NLF Update 6/1

It has been a spring of extremes. We had moved from one of the coldest winters on record into one of the driest springs. Our first real rain in over a month has turned into a series of heavy downpours. Normally we might be concerned about receiving several inches of rain in a matter of days but we are still relieved to see our parched soils taking in water. It is a pleasure to feel the cool drops on our heads,  to watch the small seedlings of celery or eggplants get watered in without our labor, a pump, and a series of complex tubing.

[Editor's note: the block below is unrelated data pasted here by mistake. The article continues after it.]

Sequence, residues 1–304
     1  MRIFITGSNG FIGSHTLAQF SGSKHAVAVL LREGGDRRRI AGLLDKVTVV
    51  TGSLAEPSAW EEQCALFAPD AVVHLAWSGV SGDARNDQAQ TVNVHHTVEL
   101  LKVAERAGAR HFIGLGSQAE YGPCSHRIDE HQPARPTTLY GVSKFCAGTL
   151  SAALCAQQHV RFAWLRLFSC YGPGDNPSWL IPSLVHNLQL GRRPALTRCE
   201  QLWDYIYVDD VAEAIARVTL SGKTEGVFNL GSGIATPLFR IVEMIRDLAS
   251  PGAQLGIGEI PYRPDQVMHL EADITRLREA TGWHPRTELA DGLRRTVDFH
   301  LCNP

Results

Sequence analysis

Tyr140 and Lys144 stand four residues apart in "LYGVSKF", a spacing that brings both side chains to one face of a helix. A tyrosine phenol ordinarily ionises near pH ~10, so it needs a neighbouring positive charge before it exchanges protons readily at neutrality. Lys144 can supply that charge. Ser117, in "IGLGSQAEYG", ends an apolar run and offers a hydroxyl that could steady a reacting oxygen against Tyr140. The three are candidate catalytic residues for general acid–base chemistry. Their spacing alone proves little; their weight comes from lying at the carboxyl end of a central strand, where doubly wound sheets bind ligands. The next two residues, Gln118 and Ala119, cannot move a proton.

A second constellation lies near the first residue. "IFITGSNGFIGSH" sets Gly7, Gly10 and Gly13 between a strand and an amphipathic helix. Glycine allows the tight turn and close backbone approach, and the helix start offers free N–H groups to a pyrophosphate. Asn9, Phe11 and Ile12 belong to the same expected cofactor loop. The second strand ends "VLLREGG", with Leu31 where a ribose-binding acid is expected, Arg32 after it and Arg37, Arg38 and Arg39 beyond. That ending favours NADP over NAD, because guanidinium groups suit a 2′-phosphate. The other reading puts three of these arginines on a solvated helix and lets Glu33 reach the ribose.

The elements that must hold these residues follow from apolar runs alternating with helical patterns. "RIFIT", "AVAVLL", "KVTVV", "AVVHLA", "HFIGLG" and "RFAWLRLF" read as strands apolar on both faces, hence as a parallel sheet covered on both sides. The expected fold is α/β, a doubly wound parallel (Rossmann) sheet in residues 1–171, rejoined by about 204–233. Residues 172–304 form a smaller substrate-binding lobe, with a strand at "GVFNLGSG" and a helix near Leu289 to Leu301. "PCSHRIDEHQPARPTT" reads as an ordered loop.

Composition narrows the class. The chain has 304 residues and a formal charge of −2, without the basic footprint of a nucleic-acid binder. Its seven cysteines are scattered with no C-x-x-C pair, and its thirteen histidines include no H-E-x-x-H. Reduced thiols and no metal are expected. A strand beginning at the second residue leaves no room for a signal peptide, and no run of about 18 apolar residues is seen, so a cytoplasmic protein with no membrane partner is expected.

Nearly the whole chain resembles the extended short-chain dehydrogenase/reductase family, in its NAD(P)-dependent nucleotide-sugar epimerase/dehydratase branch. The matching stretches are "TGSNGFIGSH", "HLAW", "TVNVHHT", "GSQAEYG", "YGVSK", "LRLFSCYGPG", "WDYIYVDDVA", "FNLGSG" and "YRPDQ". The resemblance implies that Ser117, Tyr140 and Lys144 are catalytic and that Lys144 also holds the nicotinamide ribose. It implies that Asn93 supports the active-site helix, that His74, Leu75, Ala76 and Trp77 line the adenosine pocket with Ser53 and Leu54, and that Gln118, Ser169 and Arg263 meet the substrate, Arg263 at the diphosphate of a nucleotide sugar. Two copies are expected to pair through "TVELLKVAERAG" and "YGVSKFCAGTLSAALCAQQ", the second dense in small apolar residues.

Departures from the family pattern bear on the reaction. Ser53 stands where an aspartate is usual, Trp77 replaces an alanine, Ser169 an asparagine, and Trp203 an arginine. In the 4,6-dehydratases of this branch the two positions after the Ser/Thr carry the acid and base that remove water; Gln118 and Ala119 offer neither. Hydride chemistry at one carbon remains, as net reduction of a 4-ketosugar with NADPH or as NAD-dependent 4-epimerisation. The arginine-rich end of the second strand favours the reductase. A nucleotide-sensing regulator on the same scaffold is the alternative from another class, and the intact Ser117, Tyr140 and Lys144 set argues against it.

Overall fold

This year, our farm is split in two. We continue to grow on a plot of leased land that we have used in the past and we are slowing turning the field at our new farm into usable swaths of planting space.

The rental land is covered in our springs crops. Rows of onions poke sharply up, electric green. White ripples of fabric protect our salad mix and boc choy. Carrot fronds grow in scattered patches while trellised peas begin to flower.


Our home farm is lined with potatoes, with tomatoes, Sunflowers and Zinnias.  There are rows of Kale and Collards that will be picked all season long and apple trees that are a true experiment for us. Everything is growing.

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